As the factorial of 0 is equal to 1, we can put it previous function where the factorial of 1 will become 1.Using this, we can arrive at the factorial of 2 and substitute 1 in it. Similarly, we will keep on substituting the factorial function in its previous function. It can be seen that we have solved the main problem by using the solution of simpler sub-problems. At each time, we are finding the solution to the problem by using the subproblem solution.

**Types of Recursion**

A recursion has the following major categories:

Direct Recursion

Indirect Recursion

Tail Recursion

Non-Tail Recursion

*Direct Recursion*

In a direct function, we call the same function directly in its main body. It can be seen below that we have the function ‘recursion’, and it is called with the same name in its main body. So, this is direct recursion.

```
function recursion() {
// function code
recursion();
// function code
}
}
```

*Indirect Recursion*

In an indirect recursion, a function indirectly calls the original function through some other function. It can be seen below, there is a function ‘recursion1’, and we call another function ‘recursion2’ in its main body. Then we call the ‘recursion1’ in the definition of ‘recursion2’. So, the recursion occurs here indirectly.

```
recursion1(){
recursion2();
}
recursion2(){
recursion1();
}
```

*Tail Recursion*

In a tail-recursion, a recursive call is a final thing done by the function. Thus, there is no need to keep a record of the previous state.

If we see the following code, there is a function defined with the name ‘recursion’. So it can be seen that the last operation performed in this is ‘recursion’. So recursive statement is executing at the end, and no function will be performed after that. And there is no need to keep the record in the stack because there will be no record use in the stack, and it will be useless.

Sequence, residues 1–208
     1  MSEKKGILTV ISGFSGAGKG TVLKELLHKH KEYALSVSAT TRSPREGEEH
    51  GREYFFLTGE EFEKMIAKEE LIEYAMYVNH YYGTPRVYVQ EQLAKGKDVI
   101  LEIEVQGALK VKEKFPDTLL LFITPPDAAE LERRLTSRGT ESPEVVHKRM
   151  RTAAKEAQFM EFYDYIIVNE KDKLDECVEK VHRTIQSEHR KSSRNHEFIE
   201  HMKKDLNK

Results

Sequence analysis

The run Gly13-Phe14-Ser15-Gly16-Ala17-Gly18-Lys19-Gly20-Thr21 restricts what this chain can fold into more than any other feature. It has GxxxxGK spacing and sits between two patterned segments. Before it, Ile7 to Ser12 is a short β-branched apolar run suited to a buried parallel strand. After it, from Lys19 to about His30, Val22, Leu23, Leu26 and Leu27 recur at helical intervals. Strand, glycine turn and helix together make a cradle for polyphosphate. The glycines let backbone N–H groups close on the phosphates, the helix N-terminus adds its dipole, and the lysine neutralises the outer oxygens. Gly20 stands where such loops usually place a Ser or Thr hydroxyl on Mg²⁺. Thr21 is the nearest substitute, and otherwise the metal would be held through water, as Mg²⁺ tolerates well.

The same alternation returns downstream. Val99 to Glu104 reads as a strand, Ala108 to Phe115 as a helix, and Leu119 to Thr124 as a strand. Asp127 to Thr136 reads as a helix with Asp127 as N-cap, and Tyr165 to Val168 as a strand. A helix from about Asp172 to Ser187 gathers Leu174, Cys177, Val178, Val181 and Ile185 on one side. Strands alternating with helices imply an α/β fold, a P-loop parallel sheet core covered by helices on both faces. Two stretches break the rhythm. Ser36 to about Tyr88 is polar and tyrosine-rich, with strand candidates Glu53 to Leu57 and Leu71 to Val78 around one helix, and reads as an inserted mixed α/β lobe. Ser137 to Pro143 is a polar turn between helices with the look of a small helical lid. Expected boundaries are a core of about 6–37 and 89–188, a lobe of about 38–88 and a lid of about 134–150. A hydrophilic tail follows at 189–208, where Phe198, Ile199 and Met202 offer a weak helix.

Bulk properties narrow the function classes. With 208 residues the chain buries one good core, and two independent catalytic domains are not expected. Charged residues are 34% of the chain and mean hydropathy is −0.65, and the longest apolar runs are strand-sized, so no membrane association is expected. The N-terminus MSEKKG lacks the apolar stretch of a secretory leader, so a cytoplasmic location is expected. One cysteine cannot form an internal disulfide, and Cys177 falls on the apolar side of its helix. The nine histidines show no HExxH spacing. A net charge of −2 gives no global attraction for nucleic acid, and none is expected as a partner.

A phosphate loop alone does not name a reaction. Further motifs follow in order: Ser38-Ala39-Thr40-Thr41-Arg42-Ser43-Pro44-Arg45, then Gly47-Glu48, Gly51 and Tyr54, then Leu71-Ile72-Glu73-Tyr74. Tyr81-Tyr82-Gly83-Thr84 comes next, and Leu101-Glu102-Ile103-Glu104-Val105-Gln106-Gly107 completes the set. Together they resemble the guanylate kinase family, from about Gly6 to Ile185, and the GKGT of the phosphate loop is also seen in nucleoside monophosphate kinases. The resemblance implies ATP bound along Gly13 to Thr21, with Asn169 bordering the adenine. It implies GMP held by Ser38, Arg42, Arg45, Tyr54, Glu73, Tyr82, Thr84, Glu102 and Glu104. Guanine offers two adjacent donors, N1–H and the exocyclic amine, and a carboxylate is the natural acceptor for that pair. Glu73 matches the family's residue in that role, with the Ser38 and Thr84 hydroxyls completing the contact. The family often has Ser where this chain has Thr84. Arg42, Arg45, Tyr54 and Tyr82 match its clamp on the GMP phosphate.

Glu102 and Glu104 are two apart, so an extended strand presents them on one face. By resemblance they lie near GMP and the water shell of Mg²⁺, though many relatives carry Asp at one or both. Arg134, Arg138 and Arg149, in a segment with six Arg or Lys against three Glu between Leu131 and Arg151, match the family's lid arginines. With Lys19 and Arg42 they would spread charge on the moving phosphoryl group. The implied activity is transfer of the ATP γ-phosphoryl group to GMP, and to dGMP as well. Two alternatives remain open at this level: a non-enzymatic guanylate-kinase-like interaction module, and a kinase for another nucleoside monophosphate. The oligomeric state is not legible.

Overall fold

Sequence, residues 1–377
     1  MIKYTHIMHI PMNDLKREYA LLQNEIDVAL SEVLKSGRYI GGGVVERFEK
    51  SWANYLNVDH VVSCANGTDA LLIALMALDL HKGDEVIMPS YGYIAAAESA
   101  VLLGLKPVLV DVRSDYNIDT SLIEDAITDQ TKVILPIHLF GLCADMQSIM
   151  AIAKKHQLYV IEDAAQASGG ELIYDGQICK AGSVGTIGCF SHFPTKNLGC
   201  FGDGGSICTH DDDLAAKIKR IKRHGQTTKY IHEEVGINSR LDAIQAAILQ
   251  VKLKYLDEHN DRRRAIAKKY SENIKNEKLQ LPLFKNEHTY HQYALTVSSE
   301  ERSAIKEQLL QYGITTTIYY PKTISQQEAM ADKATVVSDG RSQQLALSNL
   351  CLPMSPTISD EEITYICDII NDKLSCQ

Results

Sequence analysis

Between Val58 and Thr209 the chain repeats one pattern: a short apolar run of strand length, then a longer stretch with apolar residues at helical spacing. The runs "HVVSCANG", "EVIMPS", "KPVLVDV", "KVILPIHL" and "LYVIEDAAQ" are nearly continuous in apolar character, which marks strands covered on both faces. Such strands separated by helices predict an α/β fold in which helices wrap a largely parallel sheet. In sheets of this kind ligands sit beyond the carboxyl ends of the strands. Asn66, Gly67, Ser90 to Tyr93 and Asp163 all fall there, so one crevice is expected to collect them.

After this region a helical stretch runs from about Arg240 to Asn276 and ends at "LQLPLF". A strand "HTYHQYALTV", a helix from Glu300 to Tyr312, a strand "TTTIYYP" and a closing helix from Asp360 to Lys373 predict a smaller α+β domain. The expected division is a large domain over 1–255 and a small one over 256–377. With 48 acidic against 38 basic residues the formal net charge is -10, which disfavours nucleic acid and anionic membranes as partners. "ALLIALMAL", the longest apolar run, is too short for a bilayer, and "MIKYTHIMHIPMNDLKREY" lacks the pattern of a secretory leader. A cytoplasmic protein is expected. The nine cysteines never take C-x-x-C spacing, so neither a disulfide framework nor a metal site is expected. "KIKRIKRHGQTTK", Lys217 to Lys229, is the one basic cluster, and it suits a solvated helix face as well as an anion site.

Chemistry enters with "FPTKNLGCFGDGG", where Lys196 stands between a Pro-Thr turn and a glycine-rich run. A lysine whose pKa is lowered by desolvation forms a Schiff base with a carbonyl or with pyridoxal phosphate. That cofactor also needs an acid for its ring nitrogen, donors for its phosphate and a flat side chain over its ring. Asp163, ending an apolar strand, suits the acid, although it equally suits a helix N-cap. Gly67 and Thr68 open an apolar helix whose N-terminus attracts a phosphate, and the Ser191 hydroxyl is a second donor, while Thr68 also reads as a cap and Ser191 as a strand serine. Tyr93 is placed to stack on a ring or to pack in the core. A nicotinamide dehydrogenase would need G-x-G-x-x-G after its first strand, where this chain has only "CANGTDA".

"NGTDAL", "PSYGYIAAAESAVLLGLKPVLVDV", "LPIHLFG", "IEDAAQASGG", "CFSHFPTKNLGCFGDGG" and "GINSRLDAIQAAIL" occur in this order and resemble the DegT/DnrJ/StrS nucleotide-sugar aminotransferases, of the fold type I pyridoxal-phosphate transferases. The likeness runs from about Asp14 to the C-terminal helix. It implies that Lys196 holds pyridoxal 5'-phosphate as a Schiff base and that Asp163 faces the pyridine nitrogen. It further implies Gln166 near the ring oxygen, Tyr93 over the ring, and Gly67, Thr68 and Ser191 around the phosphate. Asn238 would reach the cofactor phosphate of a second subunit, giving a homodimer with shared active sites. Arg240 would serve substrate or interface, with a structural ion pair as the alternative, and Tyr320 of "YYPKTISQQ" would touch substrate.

```
function recursion(n){
if(n == 0){
return;
}else{
console.log(n);
return recursion(n - 1);
}
}
```

Now we write the main program as shown below and pass 3 in it.

```
function main(){
recursion(3);
return 0;
}
```

Let us comprehend this along with the help of a stack. Suppose we make a stack. The program will start from the main in this stack, and an activation record will be formed of the main function. Activation record tells that for how much time the record will remain active. Then recursion(3) will be called. In the main function, as 3 is not equal to 0 so it will print 3 and will return recursion(2). Now, 2 is also not equal to 0, so it will print 2 and return recursion(1). And activation record recursion(1) will be created in the stack. Then 1 is not equal to 0, so 1 will be printed. Now 0 will be returned.

*Non-Tail Recursion*

A recursion function is called non-tail recursive if recursion is the not last thing done by the function. There is a need to keep a record of the previous state.

Let us take the previous example in which we have defined the function ‘recursion’. As compare to tail recursion, now operation will not end after function ‘recursion’, and some other operation will also be performed after the recursion function call. We will remove the print statement after if condition and write ‘recursion(n-1)’.And we write the print statement. Recursive function ‘fun’ is not calling at the last but the is print statement after that.

```
function recursion(n){
if(n == 0){
return;
recursion(n - 1);
console.log(n);
return recursion(n - 1);
}
}
```

Its main program will be similar to the tail recursion main program and pass 3 in it.

```
function main(){
recursion(3);